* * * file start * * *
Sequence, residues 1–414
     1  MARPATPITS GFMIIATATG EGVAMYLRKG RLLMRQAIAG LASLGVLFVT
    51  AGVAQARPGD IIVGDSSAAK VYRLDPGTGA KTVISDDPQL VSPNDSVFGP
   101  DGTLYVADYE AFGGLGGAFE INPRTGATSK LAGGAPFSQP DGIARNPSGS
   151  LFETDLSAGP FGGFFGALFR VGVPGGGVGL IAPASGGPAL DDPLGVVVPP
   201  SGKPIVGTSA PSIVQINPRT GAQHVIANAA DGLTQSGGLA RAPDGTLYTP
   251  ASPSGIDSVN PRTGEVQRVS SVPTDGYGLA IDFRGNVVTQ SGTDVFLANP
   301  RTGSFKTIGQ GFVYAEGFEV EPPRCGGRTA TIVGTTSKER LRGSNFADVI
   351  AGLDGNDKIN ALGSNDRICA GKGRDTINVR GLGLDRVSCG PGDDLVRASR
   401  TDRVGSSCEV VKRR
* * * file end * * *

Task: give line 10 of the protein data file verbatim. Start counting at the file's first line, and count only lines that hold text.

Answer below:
   401  TDRVGSSCEV VKRR